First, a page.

(per, Jeffreys, 33.15, 33.6 and lambda)

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Monogamy
  • Common Crossbill (Kleven et al. 2008)
  • Many passerines seem to have mates for life
  • However extra-pair paternity may be common in
    socially monogamous passerines

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Monogamy
  • Common Crossbill (Kleven et al. 2008)
  • no evidence of extrapair paternity among 96
    offspring in 34 examined broods.
  • Common Crossbills thus seem to represent an
    exception to the rule of extrapair mating among
    socially monogamous passerine bird species.
  • A potentially important selective pressure
    preventing promiscuity
  • in Common Crossbills is the harsh environmental
    conditions experienced during breeding at
    wintertime, which may increase the importance of
    paternal care and limit the time available for
    seeking extrapair copulations.

27
Tradeoffs
  • Migration may limit resources (energy and time)
    available for investment in parental care and
    territory defense
  • Sexual selection for parental care may reduce
    time and energy available for migration
  • Breeding systems may determine or respond to
    migration behavior

Shorebirds Garcia-Pena et al. 2009)
28
Costs of breeding systems
More malemale competition leads to increased
bias toward male mortality Female-female
competition does not
Parental care also is costly
Liker and Szekely 2005
29
Conservation implications
  • Polygyny can be costly
  • In sage-grouse modelling study Ne was only 19 of
    N because of variation in reproductive success
    between years and the skew in breeding sex ratio
  • Resulted in small effective population (42) which
    may suffer inbreeding effects (low hatchability
    was observed
  • Need to manage for larger than one might expect
    population sizes

(Stiver et al. 2008)
30
Conservation implications
  • Flexible mating systems may counteract
    synchronized environmental fluctuations
  • When sex ratio becomes skewed, if polygamy can
    occur, then chance of extinction is reduced
  • Lesser Spotted Woodpecker in Germany
  • Models suggest that when male skew in sex ratio
    occurs, then polyandry would reduce probability
    of extinction

(Rossmanith et al. 2006)
31
Optimal Group Size
  • Sociality can reduce individual workload, fear,
    predation, finding unpredictable foods, etc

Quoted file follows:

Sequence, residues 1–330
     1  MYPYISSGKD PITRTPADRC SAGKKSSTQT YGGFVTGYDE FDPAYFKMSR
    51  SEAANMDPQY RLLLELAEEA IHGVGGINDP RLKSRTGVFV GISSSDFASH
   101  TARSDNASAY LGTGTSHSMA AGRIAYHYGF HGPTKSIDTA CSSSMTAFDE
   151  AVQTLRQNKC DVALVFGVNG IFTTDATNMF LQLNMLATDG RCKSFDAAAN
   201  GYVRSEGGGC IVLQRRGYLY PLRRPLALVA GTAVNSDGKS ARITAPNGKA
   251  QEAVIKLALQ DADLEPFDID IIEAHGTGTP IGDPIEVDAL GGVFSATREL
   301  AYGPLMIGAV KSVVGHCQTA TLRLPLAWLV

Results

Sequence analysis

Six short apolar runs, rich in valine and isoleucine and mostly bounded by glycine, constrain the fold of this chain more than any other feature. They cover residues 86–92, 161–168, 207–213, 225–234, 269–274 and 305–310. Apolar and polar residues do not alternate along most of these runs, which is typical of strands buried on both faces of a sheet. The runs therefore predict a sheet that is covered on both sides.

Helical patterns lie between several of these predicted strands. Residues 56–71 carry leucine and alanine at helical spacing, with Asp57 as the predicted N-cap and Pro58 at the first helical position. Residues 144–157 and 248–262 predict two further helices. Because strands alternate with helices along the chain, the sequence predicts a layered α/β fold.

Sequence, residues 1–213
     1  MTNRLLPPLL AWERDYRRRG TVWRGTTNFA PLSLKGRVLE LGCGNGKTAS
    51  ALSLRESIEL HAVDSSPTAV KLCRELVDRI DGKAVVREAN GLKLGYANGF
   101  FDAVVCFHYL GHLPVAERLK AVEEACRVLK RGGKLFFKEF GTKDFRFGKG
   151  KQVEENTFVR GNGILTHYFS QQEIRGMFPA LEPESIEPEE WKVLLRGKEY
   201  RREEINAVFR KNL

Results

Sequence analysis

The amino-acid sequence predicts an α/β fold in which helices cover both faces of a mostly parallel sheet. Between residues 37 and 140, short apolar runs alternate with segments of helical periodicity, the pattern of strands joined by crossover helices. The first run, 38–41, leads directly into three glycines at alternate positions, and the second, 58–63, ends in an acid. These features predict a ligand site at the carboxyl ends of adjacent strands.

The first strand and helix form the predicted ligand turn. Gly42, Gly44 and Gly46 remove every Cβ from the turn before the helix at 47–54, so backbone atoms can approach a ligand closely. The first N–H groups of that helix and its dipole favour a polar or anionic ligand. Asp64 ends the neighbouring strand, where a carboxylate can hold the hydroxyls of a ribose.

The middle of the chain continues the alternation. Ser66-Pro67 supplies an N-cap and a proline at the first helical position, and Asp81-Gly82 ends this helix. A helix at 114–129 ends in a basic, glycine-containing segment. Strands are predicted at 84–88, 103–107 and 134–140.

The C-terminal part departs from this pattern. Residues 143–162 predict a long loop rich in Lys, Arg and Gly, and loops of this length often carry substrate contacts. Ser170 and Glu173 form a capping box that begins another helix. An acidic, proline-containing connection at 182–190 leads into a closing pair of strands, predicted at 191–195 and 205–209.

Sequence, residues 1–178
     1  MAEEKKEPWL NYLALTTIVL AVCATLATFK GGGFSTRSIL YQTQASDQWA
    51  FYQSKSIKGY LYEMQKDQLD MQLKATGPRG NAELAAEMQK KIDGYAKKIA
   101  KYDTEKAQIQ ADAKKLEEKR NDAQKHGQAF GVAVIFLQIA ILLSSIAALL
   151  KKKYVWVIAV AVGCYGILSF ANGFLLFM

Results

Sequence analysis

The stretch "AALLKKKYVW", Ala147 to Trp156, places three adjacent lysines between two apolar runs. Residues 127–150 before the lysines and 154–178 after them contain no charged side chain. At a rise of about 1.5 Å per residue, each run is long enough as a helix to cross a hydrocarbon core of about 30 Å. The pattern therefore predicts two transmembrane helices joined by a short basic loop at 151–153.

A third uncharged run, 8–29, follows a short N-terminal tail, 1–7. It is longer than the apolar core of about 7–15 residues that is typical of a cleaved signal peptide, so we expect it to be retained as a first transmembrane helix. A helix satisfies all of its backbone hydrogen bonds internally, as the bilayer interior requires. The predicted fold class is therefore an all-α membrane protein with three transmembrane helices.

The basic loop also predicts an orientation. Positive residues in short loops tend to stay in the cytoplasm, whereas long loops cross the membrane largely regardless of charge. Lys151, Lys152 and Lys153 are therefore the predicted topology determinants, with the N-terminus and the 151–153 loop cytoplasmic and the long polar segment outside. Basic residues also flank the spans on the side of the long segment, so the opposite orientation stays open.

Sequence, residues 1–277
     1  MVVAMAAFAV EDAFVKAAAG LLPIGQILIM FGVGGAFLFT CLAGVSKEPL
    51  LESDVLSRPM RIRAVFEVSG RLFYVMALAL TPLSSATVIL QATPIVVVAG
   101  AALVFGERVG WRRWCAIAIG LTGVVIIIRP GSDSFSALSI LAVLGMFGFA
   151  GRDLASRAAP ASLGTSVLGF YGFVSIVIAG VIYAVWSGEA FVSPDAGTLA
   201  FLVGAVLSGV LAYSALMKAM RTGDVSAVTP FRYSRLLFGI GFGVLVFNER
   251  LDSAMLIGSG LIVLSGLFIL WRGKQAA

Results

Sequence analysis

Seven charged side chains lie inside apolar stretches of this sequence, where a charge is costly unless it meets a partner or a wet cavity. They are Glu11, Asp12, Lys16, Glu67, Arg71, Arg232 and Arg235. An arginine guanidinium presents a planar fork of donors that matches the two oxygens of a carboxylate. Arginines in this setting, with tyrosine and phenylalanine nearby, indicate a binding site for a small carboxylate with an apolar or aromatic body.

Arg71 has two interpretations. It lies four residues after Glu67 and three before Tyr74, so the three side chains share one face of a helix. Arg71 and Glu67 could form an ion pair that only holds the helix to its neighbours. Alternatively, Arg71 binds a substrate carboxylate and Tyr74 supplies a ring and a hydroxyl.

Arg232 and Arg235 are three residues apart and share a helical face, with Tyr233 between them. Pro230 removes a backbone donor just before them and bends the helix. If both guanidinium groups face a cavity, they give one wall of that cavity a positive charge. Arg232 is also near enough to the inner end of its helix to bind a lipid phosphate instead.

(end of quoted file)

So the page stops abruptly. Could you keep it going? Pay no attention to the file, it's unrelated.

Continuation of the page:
• Sociality can increase disease, competition,
    conspicuousness, cuckoldry
  • Tradeoffs can give optimal size
  • Kin selection theory may explain evolution of
    groups

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Raven Information Centers
  • (1) Roosts comprised both knowledgeable and naive
    foragers.
  • (2) Departures from roosts were highly
    synchronized, with most members departing in one
    direction.
  • (3) Direction of departure often changed from day
    to day.
  • (4) Birds made naive of food sources (by being
    withheld from the wild and then allowed to join
    roosts) followed roost-mates to new feeding
    sites, whereas control birds held and released
    outside of roosts rarely found the local food
    bonanzas.
  • (5) Birds made knowledgeable of food sources (by
    being released at new carcasses) joined roosts
    and led roost-mates to the food on three of 20
    occasions.
  • (6) The same individuals switched leader and
    follower roles depending upon their knowledge of
    feeding opportunities.

(Marzluff et al. 1996)
34
Why do groups form?
Not Kin Selection
Parker et al. 1994
35
Animal mating systems viewpoint of a
quantitative geneticist (Stevan J. Arnold)
36
Qualitative classification of mating systems
  • Monogamy, polygamy, polyandry (Darwin 1871)
  • Monogamy, resource defense polygyny, harem
    defense polygyny, explosive mating assemblage,
    leks, female access polyandry (since Darwin)

37
Limitations of qualitative classifications
  • Progeny can be produced by matings that are
    difficult to observe.
  • Difficult to specify how the categories grade
    into one another.
  • Essential differences may masquerade under the
    same name.
  • For all these reasons, we need quantitative
    characterizations.

38
Determination vs characterization of mating
systems
Spatial distribution of resources
Operational Sex ratio
Variation in reproductive success
Intensity of sexual selection
System of mating
Emlen Oring 1977
39
Fundamental information about the mating system
is captured in the parental table
Arnold Duvall 1994
40
Selection theory measures
  • Quantify Batemans three principles (variance in
    mating success, variance in offspring number,
    relationship between offspring number and mating
    success)
  • Standardized variances, regression slopes
  • Direct connection to theory for selection on
    quantitative traits
  • Is, Is I, I ßss, ßss

Bateman 1948, Crow 1958, Wade 1979, Wade
Arnold 1980, Arnold Duvall 1994, Shuster
Wade 2003